By Jeff White (email@example.com)
CHARLOTTESVILLE — The NCAA women’s basketball tournament is coming to John Paul Jones Arena in March. That much is clear. It’s too early to project whether UVa will play in that tourney.
Final exams begin Thursday at Virginia, and Debbie Ryan’s team enters the break with a 6-4 record. That’s not particularly impressive, but consider this: UVa’s losses were to teams ranked No. 6 (Ohio State), No. 7 (Tennessee), No. 9 (West Virginia) and No. 15 (Iowa State), respectively, in the latest ESPN/USA Today coaches’ poll.
Moreover, the Cavaliers have had sophomore point guard China Crosby for all of 18 minutes this season. Crosby, who as a 12th-grader was a McDonald’s All-American, injured her left knee in the Nov. 12 opener at Hofstra and hasn’t played since. That’s the same knee in which she tore the anterior cruciate ligament early last January, an injury that sidelined Crosby, a starter, for the rest of her freshman season.
Crosby is likely to be cleared in the next week to return to practice, Ryan said, and she’ll be a welcome addition to a group still in search of an identity. Ryan admits that she has yet to get a good read on her 34th team at UVa.
“At times I feel like we’ve learned a lot, and at times I feel like we’ve learned nothing,” Ryan said Monday night after Virginia awoke from a long slumber to rip Radford 76-52 at JPJ.
“But I think that we’ve learned how to turn it around when we don’t really have it. I think we’ve learned how to play against very good competition and that we’re not that far away. We have to get certain things in order to be where we need to be, but we are definitely going in the right direction, and I think that we found a leader in Chelsea Shine, and she seems to be very consistent in her leadership, though today in the first half she didn’t lead, and I reminded her that whether she’s playing well or not, she still has to lead.”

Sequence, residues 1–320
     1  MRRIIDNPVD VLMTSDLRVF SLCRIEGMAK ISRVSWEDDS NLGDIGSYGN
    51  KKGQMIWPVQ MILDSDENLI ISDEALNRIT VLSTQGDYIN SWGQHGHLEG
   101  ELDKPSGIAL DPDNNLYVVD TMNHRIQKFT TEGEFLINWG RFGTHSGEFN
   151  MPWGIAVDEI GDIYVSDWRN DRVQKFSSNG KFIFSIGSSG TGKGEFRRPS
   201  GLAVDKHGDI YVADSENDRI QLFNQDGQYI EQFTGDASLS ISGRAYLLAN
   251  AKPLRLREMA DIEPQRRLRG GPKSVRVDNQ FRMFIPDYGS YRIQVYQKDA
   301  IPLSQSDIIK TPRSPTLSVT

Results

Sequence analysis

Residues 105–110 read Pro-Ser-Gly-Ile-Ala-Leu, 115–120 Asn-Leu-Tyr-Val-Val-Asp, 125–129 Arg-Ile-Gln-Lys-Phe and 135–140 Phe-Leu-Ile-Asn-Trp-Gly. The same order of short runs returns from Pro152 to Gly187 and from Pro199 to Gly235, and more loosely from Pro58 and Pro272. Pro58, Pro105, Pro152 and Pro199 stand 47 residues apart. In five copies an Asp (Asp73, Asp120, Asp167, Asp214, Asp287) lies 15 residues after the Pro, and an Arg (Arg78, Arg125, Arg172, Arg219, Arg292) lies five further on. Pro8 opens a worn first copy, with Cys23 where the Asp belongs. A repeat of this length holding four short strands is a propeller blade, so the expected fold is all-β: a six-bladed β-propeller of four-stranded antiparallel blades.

Shine, a junior forward, got the message. After going scoreless in the first half, she finished with 12 points, 8 rebounds, 3 steals and 2 assists.
“We found a good leader in Chelsea, and I think that the team is developing,” Ryan said. “It’s just going to take a little time, and hopefully we’ll get China back, and it’ll give us a lot more in terms of more transition points, which is what we really need and sort of thrive on.”
For the season, Shine is averaging 10.2 points and a team-high 6.7 rebounds. She’s one of the Wahoos’ captains, along with Paulisha Kellum and Jayna Hartig. They’re trying to fill the leadership void created by the departure of All-America guard Monica Wright.
“It’s tough,” Shine said. “I was so thankful to be able to watch and grow the first two years behind Moni and soak in all of her leadership skills. My role’s a little different. I’m not Monica Wright. Leadership is going to speak in different ways with me than it would have with her, or with [Kellum] or with Jayna.
“I got called out a little bit today, and rightfully so, because I kind of let the energy go a bit in the first half, and just because I’m not playing well doesn’t mean that I stop leading this team or stop leading myself or anyone else.”
The crowd of 2,799 on Monday night included an NCAA representative who was in town to check out JPJ. In the upcoming NCAA tourney, the University will host two first-round games on March 20 and a second-round matchup on March 22.
The Cavaliers are trying to advance to the NCAAs for the 25th time in Ryan’s tenure. Asked to assess where the team stands 10 games in, Shine said, “I think we’re tired a little bit, but I also think that we’ve come a long way and had a lot of great experiences that we are going to learn from, both losses and wins.